I was raised in a family that had frequent get-togethers and family reunions; in my younger days, it seemed like they were far too frequent.
Cliff's family, especially on his father's side, wasn't much for reunions. He says it's partly because of hard feelings and old grudges between so many of them. Whatever the reason, the Wood family just doesn't gather in large groups, except at funerals.
I don't have a lot of the social graces needed to host such a gathering, but for some reason in the spring of 2005 (I think it was our daughter's idea), I summoned up the nerve to consider holding a "Wood reunion" here at our place.
Cliff began to call cousins to see if they'd be interested in such an undertaking, and when he got hold of his cousin Ken, he was met with such enthusiasm that it gave me courage to go ahead with the plan. Ken volunteered to supply a whole roast hog for the event, to be held in July.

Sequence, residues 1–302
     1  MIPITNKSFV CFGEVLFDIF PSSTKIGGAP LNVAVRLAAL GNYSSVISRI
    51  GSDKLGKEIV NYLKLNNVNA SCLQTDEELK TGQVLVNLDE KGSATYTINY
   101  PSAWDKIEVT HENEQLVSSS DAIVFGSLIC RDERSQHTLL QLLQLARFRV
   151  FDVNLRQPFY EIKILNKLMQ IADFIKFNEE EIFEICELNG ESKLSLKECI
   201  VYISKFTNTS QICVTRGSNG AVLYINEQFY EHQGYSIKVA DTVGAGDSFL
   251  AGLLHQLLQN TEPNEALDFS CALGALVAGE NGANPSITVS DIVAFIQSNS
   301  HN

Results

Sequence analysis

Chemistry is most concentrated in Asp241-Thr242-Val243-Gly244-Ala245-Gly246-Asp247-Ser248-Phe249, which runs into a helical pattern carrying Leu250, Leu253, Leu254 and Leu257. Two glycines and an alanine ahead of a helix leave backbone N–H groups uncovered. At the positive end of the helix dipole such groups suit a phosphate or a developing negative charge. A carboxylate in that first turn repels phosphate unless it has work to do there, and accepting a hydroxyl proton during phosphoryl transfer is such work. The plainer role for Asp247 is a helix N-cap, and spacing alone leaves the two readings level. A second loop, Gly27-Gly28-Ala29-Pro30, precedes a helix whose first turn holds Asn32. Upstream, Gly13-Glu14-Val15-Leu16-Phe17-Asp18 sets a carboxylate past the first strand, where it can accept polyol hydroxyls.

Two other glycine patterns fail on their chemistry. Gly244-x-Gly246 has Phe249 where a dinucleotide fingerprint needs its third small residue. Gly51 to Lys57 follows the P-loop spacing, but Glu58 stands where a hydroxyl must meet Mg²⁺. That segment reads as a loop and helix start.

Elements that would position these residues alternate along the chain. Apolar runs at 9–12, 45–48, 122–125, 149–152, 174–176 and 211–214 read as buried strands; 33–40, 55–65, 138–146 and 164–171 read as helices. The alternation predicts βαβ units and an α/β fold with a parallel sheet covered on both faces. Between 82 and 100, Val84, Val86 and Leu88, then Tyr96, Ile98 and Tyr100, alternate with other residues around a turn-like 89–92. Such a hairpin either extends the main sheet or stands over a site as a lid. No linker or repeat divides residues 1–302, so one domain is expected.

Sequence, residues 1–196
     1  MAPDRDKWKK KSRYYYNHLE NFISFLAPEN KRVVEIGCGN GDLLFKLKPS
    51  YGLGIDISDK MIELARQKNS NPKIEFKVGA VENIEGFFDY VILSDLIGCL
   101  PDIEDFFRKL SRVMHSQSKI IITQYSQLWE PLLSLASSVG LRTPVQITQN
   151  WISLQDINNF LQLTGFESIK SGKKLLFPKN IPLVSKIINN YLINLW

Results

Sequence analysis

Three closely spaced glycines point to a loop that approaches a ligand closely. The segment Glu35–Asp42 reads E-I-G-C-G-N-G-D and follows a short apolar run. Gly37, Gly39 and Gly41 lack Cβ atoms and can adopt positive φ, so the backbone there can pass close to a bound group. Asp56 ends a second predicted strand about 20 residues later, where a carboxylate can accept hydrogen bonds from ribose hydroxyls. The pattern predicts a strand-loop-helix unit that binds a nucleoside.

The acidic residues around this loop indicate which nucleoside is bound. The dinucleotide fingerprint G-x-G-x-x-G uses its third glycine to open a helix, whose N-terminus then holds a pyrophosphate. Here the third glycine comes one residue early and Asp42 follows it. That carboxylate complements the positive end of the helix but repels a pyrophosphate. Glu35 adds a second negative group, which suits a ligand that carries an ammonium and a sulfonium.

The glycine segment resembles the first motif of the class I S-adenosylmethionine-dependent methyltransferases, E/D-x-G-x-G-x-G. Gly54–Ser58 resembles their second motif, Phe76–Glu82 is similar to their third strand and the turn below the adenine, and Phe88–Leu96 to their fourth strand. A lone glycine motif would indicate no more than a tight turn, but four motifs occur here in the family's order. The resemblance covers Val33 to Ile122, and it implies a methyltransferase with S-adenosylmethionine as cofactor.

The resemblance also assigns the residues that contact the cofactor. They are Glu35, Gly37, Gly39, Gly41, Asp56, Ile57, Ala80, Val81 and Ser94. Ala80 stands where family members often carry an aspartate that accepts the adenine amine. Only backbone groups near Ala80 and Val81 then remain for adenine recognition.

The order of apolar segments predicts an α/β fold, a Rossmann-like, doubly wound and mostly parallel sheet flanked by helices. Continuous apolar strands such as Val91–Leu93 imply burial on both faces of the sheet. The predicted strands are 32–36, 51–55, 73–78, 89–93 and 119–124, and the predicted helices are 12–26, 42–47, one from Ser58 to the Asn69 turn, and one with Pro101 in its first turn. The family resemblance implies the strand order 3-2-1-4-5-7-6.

There were a lot of no-shows, some from people who didn't even live that far away; but we still ended up with a nice crowd.
(Click on the picture to see it larger)
I clipped Ken and his wife and little grandson out of the picture so you could get a good look at him.
That's him and Cliff visiting, before most of the folks showed up.
Kenneth smiled almost the whole time he was here, and more than anything else, that smile made me feel I hadn't wasted my time having the shindig.
There he is with that grandson again.
We rode our motorcycle down to Sedalia a couple of weeks ago to visit Ken; cancer had returned, and we knew he didn't have long to live. The same grandson who was constantly attached to him in 2005 was still at his side.
So, if you're thinking about having a reunion in a family where it has never been done, or if you think not enough people would attend to make it worthwhile, here's what I learned: If it makes just one person as happy as our reunion made Kenneth, it's worth the time and trouble.
I'm so glad we did it while he was around.